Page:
In recent years Brian has created several more covers for Rebellion’s various comics and books, but these were created digitally so were outside the remit of a book like this. At first the page count was uncertain, as we weren’t sure how many pages it would be possible to find, but ideally it was going to be 96, rising to 144 or higher if possible, though at times that felt like a far-off dream. But what that meant was that we were aiming to include as much as 1/3 of his entire British output, which was quite a sobering thought. One complication in tracking down Brian's pages was the haphazard way in which these early pages were disseminated among collectors. IPC, 2000 AD's first publisher, had a blanket policy of not returning artwork, something which only changed in the ‘80s in the face of mounting pressure from its artists. In the intervening years, however, numerous pages were stolen from offices and storage warehouses, often turning up for sale in London comic shops, much to the artist’s frustration. As 2000 AD's most popular artist, Brian’s art was particularly prized and most persistently stolen, and, to this day, certain strips, including his first Judge Death serial, have never surfaced again. Consequently, very few of his early strips could be traced, with thieves seeming to take a particular shine to his centrespreads and covers - most of which have seemingly disappeared. But Brian continued to improve with each new strip and illustration, and happily the book includes much of his best work from the ‘80s, which represents Brian at the peak of his powers.
Having established the extent of his output, the next step was to track down exactly where these pages were, and the first port of call was a trawl through the collections on Comic Art Fans, a treasure trove of artwork from many of the world’s biggest collections. Frankly, without this website many of my books would have been almost impossible to compile. Other methods of finding pages included contacting auction sites, requests on Facebook, cold-calling other artists, and going over old contacts in the hope that they might have artwork, or might know someone who had, or might remember the friend of a friend who vaguely thought they saw something on sale at a long-forgotten convention in the '80s. Or was it the '90s...?
Once a page had been found, the process of acquiring a scan could begin; this is a highly complex, delicate procedure, known in the business as shameless begging, and might involve selling the book's concept (which often worked), asking very nicely, or offering inducements. I’d say as a rough estimate each page in the book required 10 e-mails to acquire it. Typically, I would have to introduce myself and the idea of the book, then ask about the possibility of getting a scan, and then explain exactly what I needed (a 600 dpi color scan saved as a TIFF), and to clarify that no, a photograph wouldn’t do. Invariably this would be followed some weeks later by a reminder, and then a slightly more panicked reminder, possibly followed by serious bribery. The process of scanning itself often needed careful explaining; I might have to locate a nearby print shop, or suggest a friend with a scanner, and then go over the process of sending it to me (usually via WeTransfer) since these were large files and most collectors would never have had to do any of this before. Finally, there would be an exchange of grateful, relieved e-mails once the scan was safely stored on my computer. Like I say, 10 emails was typical, and the process could often involve many more than that, often straddling several months, or years. Multiply that by 100, since few collectors owned more than a single page of Brian’s art, and you’ll get some idea of the scale of the project.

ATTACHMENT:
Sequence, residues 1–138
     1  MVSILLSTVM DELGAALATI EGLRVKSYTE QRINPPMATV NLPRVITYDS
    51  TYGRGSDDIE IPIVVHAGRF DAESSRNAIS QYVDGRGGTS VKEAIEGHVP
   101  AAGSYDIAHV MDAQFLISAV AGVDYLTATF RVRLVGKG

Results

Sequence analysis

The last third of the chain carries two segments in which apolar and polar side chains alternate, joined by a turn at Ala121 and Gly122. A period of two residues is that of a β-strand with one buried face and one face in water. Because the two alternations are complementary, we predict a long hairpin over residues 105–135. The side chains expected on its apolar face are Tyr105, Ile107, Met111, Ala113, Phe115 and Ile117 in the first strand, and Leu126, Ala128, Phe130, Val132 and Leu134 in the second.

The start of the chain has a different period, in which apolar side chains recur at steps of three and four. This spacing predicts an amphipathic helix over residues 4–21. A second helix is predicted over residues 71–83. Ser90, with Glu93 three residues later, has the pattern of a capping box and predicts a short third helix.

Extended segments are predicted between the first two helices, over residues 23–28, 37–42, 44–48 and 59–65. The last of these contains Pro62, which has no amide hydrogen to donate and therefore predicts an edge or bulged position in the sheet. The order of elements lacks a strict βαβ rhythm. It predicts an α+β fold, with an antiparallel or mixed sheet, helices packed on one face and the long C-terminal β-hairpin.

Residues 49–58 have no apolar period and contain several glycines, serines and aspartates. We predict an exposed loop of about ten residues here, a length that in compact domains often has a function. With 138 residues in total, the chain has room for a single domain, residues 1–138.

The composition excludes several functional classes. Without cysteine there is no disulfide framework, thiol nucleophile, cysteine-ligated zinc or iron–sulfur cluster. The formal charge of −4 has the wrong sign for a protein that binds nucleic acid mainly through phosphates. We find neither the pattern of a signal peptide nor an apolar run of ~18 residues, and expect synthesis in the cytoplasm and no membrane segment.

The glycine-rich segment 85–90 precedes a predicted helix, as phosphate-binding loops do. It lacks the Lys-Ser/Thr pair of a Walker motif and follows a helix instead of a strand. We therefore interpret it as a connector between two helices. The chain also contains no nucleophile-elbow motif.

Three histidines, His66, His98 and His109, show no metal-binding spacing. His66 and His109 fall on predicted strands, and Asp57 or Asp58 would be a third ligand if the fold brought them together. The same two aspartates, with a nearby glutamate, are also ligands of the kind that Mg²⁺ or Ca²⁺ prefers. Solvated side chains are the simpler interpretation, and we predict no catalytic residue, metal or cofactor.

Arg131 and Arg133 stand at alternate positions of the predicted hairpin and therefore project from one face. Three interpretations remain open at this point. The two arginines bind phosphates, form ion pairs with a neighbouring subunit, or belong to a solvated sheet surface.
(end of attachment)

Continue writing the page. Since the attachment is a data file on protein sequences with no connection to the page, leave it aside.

Thankfully, once I’d contacted them, most collectors were more than happy to help, but some of the biggest collectors proved hard to reach and harder to convince for reasons that never seemed entirely clear. Very few people owned scanners, and most who did needed to be walked through the process of creating high-definition scans. British comic artists usually worked on a big scale, typically at twice the size of an American comic page, so this involved scanning the original art in multiple sections, which I could then splice together on my computer. The biggest centrespreads might need up to 10 scans altogether, which involved some tricky maneuvering around a small-scale scanner - and each stage of the process needed to be explained again. And again. With Brian’s art being so attractive and highly prized, it’s understandable that many collectors had them mounted in frames, which proved to be the bane of my life as framed art couldn’t be scanned in the sort of clarity we needed. Understandably, many owners didn’t want to destroy these expensive frames so I missed out on some key pages and beautiful covers, but I simply had to be philosophical about it and gratefully appreciated the pages I had.